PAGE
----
Copper prices rose overnight as a lower dollar and higher equities triggered fund buying, but worries about the US-China trade dispute and about demand growth in top consumer China are expected to cap gains.
Benchmark copper on the London Metal Exchange ended 0.8 per cent higher at $US6,235 a tonne.
The price of the metal, used widely in the power and construction industries, hit a two-week high of $US6,296 on Tuesday.
‘The weaker dollar and the stock market recovery are supporting factors,’ a commodity-focused fund manager said.
‘Fears about global growth due to the trade dispute will be a negative for all assets that rely on growth.’
Worries about trade were further reinforced after the US said China has failed to alter its ‘unfair’ practices, ahead of a meeting next week between US President Donald Trump and Chinese President Xi Jinping.
A fall in the dollar, which makes dollar-priced commodities cheaper for holders of other currencies, was helping industrial metals.
The relationship is used by funds known as commodity trading advisors which trade using buy and sell signals from numerical models.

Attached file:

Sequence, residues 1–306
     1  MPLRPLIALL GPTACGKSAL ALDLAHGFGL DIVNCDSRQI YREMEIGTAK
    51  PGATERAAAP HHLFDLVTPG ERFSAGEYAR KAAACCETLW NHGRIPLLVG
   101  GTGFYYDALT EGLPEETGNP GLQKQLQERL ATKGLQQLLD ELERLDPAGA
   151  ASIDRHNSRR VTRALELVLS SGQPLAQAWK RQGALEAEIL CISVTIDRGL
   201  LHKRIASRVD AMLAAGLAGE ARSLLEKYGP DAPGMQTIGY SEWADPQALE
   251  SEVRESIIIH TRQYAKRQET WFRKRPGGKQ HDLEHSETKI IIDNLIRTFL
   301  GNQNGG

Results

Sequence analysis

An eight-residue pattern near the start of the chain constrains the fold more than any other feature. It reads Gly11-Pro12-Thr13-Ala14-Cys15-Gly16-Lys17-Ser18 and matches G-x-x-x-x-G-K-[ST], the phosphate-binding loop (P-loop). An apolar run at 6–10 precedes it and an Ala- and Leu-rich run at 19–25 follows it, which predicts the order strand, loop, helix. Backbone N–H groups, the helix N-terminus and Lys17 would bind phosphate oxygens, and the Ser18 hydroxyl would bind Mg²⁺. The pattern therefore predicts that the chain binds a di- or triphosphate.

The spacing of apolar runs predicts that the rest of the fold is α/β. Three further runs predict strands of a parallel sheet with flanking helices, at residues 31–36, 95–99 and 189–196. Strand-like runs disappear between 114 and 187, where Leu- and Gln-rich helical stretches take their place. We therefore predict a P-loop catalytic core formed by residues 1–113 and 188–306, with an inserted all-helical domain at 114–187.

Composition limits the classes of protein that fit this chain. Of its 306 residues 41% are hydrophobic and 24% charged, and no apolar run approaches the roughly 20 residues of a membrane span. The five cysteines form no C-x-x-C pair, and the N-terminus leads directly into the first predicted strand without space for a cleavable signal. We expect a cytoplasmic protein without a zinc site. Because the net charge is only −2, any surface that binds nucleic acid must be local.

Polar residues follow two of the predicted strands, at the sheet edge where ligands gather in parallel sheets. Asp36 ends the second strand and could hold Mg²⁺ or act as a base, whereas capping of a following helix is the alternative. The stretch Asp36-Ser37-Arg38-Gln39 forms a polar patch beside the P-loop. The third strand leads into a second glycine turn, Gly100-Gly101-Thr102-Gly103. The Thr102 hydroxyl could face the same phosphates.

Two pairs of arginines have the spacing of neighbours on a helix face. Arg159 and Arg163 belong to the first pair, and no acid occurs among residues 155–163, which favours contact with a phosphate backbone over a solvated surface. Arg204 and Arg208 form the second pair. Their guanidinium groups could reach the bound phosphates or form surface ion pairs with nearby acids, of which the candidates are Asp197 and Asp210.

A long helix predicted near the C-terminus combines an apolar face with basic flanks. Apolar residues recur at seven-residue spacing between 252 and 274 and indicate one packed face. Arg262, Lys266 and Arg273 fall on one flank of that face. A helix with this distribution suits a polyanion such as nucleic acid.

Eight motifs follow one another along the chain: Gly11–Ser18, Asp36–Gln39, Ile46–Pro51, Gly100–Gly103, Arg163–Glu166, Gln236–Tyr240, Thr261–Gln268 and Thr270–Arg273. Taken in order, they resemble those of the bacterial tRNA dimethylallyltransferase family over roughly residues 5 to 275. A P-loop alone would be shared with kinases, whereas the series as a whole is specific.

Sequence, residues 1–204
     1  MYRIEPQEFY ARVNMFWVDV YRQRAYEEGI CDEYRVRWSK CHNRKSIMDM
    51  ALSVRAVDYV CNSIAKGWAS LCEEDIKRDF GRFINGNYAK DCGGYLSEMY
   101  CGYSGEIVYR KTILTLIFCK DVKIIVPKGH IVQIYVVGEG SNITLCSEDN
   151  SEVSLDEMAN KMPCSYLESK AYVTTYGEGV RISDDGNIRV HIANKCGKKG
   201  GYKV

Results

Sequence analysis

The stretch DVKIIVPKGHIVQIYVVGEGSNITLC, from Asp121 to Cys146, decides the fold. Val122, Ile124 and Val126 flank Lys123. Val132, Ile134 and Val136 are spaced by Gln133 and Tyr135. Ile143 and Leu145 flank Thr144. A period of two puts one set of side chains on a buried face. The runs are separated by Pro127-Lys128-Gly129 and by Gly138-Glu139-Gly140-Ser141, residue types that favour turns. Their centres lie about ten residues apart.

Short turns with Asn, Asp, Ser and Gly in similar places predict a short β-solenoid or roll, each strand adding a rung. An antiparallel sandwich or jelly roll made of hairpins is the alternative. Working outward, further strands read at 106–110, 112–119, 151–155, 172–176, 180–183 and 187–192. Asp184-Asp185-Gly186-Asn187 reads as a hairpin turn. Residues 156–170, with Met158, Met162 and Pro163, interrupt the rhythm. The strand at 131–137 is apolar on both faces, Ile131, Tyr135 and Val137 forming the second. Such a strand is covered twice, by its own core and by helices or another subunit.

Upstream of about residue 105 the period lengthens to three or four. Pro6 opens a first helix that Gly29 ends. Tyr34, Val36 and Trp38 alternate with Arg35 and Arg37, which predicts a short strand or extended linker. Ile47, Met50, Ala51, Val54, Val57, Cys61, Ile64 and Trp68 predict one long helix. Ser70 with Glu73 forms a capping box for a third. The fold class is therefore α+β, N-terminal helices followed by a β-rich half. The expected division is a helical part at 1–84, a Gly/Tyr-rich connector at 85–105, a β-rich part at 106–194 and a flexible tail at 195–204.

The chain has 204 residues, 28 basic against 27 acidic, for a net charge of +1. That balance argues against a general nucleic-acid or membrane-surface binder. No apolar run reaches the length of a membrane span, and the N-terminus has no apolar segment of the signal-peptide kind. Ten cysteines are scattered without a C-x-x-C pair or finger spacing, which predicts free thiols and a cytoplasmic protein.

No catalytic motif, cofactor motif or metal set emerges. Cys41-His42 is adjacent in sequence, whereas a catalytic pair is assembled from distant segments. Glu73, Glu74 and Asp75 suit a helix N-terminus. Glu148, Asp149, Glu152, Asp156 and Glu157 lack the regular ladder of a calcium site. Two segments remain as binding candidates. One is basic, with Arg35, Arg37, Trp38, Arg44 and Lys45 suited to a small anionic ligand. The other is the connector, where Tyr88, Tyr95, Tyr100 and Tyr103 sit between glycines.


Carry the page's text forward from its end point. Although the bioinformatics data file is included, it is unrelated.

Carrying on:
Traders are keeping a close eye on positions holding large amounts of LME copper warrants and cash contracts, which is fuelling nervousness about nearby availability.
This can be seen in the premium for the copper cash and three-month contract, now around $US22 a tonne.
The country accounts for nearly half of global demand, which is estimated at around 24 million tonnes this year.
‘Fundamentals are little changed, amid steady demand and somewhat sluggish supply, resulting in a broadly balanced market,’ Barclays analysts said in a note.
‘We forecast China to slow but not collapse and this to lead to lower rates of demand growth from a very large absolute base.’
A recent Reuters survey showed the copper market was expected to see a small surplus of 13,500 tonnes this year and a small deficit of 44,000 tonnes in 2019.
Strong support for copper comes in at $US6,150 to $US6,160, near the 21, 55, and 100-day moving averages.
The premium for the zinc cash contract over the three-month contract hit a 21-year high of $US97 a tonne due to falling stocks in LME-registered warehouses on Tuesday.
It was trading around $US94 on Wednesday.
At 123,275 tonnes, stocks have more than halved since August 13.
The three-month zinc price closed 0.7 per cent higher at $US2,568 a tonne.
Aluminium rose 0.7 per cent to $US1,953.5, lead added 2.3 per cent to $US2,006 and tin slipped 0.8 per cent to $19,240.
Nickel fell 0.7 per cent to $11,020 after hitting an 11-month low at $US11,010 during the session.